In brief: Ransomware victims are often advised not to pay money to unlock their files, usually because there's no guarantee the hackers will oblige. But the council of one Florida city has voted to hand over more than $600,000 in the hope of getting back data that has been encrypted for more than three weeks.
According to The Palm Beach Post, the attack on Riviera Beach, Florida, a small city north of West Palm Beach, was launched on May 29 when a police department employee opened an email attachment containing the ransomware. It spread to other IT systems, locking down the city's website, email server, billing system, and others, even affecting 911 dispatch operations.
On June 3, city officials agreed to spend $941,000 on 310 new desktops and 90 laptops to rebuild its IT systems, but as the original data hadn't been backed up, a unanimous 5-0 vote took place this week that will see the council's insurance carrier pay the hackers 65 Bitcoin, around $592,000.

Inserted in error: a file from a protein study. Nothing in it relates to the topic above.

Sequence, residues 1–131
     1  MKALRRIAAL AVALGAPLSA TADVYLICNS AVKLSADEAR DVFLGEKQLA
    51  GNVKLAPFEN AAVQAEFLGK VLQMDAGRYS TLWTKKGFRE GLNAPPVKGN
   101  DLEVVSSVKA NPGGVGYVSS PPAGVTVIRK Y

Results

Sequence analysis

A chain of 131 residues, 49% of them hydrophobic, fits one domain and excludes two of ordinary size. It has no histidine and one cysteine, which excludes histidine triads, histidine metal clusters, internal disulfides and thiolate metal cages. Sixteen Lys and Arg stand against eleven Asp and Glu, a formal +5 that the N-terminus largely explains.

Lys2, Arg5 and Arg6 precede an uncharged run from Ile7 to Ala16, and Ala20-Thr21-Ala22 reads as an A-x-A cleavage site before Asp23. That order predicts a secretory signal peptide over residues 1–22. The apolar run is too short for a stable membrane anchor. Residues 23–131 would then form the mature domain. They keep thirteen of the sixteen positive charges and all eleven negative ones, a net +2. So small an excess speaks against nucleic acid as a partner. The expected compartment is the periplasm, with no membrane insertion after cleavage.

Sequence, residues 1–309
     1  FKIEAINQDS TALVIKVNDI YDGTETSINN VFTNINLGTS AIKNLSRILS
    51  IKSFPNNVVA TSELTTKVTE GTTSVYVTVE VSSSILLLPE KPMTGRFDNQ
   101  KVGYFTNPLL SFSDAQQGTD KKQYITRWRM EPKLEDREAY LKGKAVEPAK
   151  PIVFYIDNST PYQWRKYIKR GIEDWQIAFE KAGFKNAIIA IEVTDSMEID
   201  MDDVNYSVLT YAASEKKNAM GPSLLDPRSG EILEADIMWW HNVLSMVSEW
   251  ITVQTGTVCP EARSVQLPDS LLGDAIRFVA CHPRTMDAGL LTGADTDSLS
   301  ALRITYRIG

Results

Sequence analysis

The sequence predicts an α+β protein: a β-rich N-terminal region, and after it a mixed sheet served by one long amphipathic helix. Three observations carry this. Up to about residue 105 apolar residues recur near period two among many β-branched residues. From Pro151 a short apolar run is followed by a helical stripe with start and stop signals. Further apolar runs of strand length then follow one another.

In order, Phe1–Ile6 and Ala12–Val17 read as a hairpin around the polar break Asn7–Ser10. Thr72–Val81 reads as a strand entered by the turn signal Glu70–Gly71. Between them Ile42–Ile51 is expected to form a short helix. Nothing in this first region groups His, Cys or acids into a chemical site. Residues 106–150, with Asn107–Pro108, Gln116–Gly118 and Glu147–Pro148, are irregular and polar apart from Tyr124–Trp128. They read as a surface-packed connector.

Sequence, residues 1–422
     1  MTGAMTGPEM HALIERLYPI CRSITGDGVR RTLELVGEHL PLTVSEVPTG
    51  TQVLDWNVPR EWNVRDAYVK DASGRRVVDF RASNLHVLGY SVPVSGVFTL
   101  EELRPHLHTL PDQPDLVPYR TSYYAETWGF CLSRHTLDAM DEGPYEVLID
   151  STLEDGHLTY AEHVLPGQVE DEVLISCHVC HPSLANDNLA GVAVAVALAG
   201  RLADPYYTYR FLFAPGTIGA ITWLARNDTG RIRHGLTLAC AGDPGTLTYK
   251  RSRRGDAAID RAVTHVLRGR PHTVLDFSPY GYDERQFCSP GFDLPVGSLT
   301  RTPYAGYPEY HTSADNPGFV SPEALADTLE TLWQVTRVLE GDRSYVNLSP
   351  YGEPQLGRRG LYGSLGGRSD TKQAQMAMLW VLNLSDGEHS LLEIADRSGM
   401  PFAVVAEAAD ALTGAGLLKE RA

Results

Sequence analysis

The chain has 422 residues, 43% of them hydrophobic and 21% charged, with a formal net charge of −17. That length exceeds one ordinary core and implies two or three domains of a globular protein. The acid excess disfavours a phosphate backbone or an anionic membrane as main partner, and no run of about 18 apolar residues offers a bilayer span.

City spokeswoman Rose Anne Brown told the New York Times that Riviera Beach was working with law enforcement and security consultants, and that it is "well on our way to restoring the city system."
We've seen numerous US cities hit with ransomware attacks in recent times. Jackson County paid hackers $400,000 to regain access to its systems back in March, and the attack on Baltimore, which didn't pay the $76,000 ransom, still cost the city $18 million in damages. We've also seen instances in Albany, San Diego, and Sarasota, along with those on several hospitals.